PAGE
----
• General Partnership: This structure is similar to a sole proprietorship but involves two or more people. Partners share profits, losses, and management duties. Like sole proprietorships, partners are personally liable for business debts.
  • Limited Liability Company (L.L.C.): An L.L.C. combines the benefits of a corporation and a partnership. It offers liability protection to its owners (members) while allowing flexible tax options. Members are not personally liable for business debts.
  • Corporation: This is a more complex structure, ideal for larger businesses. Corporations provide liability protection to their shareholders and can raise capital through stock sales. However, they require more extensive record-keeping, operational processes, and reporting.

Register Your Business Name

Choosing and registering your business name is an important step:

  • L.L.C. and Corporations: The name must include "L.L.C.," "L.L.C.," "L.C.," or "L.C." for limited liability companies, and appropriate designations for corporations. This ensures that the public can easily identify the nature of your business.
  • Trade Name: If you are a sole proprietor or in a partnership and plan to operate under a name different from your legal name, you must file a trade name with the county recorder. This process helps protect your business name and avoid legal issues with other businesses.

Hire a Registered Agent

For L.L.C.s and Corporations, appointing a registered agent is mandatory:

  • Registered Agent: This person or business entity will receive legal documents and official notices on behalf of your business. The agent must be a resident of Iowa or a business entity authorized to conduct business in Iowa. Having a reliable registered agent ensures that you do not miss important legal and tax documents.

File Formation Documents

To legally establish your business entity, you need to file specific documents with the Iowa Secretary of State:

  • L.L.C.: File a Certificate of Organization. This document includes essential details like the L.L.C.'s name, address, and information about its registered agent. The filing fee is $50.
  • Corporation: File Articles of Incorporation, which outline the corporation's basic information, such as its name, address, purpose, and details of its registered agent. The filing fee is also $50. These documents are important as they formalize your business structure and provide it with legal recognition.

Obtain an Employer Identification Number (E.I.N.)

An E.I.N. is a federal tax identification number required for most businesses:

  • E.I.N.: If your business has employees or multiple members, you need to obtain an E.I.N. from the I.R.S. This number is used for tax purposes and is necessary for opening a business bank account, hiring employees, and filing taxes. The application process is straightforward and can be completed online for free.

Register for State Taxes

Depending on your business activities, you may need to register for various state taxes:

  • Sales and Use Tax Permit: If your business sells tangible goods or taxable services, you must register with the Iowa Department of Revenue to collect and remit sales tax. This ensures compliance with state tax laws.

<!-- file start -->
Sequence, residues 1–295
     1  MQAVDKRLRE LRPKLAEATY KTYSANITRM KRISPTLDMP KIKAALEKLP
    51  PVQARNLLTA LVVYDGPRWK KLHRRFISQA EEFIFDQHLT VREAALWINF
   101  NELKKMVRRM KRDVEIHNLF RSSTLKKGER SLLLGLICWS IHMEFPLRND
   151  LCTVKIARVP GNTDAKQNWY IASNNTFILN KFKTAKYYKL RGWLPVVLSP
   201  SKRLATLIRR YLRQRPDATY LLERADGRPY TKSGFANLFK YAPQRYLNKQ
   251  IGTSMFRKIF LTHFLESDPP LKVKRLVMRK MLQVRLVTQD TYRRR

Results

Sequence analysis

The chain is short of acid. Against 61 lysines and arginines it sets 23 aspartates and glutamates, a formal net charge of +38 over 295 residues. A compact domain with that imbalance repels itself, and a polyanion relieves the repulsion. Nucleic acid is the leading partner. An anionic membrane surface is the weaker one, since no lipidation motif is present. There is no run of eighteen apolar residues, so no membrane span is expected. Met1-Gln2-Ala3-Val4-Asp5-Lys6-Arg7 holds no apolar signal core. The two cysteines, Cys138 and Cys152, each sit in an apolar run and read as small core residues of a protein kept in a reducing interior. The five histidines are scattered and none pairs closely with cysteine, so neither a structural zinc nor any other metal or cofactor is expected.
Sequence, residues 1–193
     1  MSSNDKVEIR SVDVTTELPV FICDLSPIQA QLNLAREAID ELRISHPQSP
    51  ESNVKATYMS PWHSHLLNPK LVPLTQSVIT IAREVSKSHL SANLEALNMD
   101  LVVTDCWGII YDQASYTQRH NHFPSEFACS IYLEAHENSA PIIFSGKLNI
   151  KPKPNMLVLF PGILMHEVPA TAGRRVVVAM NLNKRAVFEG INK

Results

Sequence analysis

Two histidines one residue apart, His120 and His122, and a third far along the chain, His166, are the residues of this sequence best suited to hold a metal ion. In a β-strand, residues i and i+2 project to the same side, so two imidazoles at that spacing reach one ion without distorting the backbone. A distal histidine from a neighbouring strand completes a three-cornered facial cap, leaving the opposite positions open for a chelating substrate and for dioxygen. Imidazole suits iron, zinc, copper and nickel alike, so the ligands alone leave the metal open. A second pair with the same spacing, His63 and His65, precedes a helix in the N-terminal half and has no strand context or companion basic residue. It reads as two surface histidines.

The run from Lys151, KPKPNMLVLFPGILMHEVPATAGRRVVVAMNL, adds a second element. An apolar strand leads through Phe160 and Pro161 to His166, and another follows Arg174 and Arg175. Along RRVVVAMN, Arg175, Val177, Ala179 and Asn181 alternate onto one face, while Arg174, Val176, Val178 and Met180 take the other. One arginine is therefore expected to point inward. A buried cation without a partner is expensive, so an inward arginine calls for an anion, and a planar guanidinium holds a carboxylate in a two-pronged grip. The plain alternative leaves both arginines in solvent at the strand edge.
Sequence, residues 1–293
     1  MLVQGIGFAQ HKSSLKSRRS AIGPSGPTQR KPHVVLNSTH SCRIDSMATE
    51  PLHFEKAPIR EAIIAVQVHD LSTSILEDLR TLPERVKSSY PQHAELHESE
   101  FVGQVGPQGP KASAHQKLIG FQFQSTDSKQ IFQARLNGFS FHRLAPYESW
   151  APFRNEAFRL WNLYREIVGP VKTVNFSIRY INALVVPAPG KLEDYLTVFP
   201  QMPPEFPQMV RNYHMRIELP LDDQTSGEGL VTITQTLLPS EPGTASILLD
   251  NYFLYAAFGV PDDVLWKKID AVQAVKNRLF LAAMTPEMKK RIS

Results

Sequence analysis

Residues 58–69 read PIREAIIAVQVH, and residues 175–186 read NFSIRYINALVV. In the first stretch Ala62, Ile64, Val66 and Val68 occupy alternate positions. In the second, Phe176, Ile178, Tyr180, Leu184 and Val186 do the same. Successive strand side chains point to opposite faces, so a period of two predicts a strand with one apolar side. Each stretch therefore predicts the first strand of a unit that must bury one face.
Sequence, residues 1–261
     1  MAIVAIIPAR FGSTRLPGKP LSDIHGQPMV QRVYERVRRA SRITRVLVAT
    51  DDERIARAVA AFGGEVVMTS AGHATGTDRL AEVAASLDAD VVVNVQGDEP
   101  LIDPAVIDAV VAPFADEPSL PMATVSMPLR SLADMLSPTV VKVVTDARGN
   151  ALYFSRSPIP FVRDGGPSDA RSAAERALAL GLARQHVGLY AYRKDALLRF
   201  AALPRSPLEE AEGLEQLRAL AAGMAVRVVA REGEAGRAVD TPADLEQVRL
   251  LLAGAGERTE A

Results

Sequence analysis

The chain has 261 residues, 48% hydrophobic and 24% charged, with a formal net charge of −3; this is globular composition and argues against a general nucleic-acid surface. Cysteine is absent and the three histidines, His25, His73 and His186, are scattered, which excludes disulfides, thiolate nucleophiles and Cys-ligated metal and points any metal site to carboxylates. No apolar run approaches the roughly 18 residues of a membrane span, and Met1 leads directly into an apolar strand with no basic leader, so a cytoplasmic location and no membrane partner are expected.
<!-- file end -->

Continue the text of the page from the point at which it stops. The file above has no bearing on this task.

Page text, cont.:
• Withholding Tax: If you have employees, you need to register for withholding tax to remit state income tax withheld from your employees' wages. This is essential for meeting your payroll tax obligations.

Obtain Necessary Licenses and Permits

Your business may require specific licenses and permits to operate legally:

  • Professional Licenses: Certain professions, such as accountants and real estate brokers, require state-specific licenses. Ensure you meet all requirements and obtain the necessary credentials.
  • Special Licenses: If your business involves selling alcohol, tobacco, or handling hazardous materials, you need to obtain special licenses and permits. These regulations ensure public safety and compliance with state laws.

File Biennial Reports

To maintain your business's good standing, you must file regular reports:

  • Biennial Reports: Both L.L.C.s and Corporations are required to file biennial reports with the Iowa Secretary of State. These reports update the state on essential information about your business. The fee is $60 for mail filings and $45 for online filings. Timely filing of these reports helps avoid penalties and keeps your business in compliance.

Comply with Zoning Laws

Ensure that your business location adheres to local zoning regulations:

  • Zoning Laws: Before selecting a business location, check with local government or planning departments to ensure your business activities comply with zoning laws. This step helps prevent legal issues and ensures your business can operate smoothly in its chosen location.

Consider Additional Requirements

There are additional steps you may need to take, depending on your business type:

  • Operating Agreement: While not required, it is recommended for L.L.C.s to create an operating agreement. This document outlines the management structure, roles, and responsibilities of members, and helps prevent disputes.
  • Insurance: Obtain necessary business insurance, including general liability insurance and workers' compensation if you have employees. This protects your business from various risks and ensures compliance with state regulations.

Utilize Available Resources

Take advantage of the resources and support available to small businesses in Iowa:

  • Iowa Economic Development Authority: Offers various programs, resources, and support to help businesses grow and succeed.
  • Small Business Development Centers: Provide free, confidential assistance on a range of business topics, from planning and financing to marketing and management.
  • Greater Iowa City, Inc.: Provides networking and promotional opportunities, helping businesses connect with the community and other businesses.

Stay Informed on Tax Changes

Stay updated on changes to Iowa's tax laws to ensure compliance:

  • Tax Changes: Iowa is transitioning to a flat income tax rate. Keeping informed about these changes will help you plan and adjust your business strategies accordingly, ensuring you remain compliant with state tax obligations.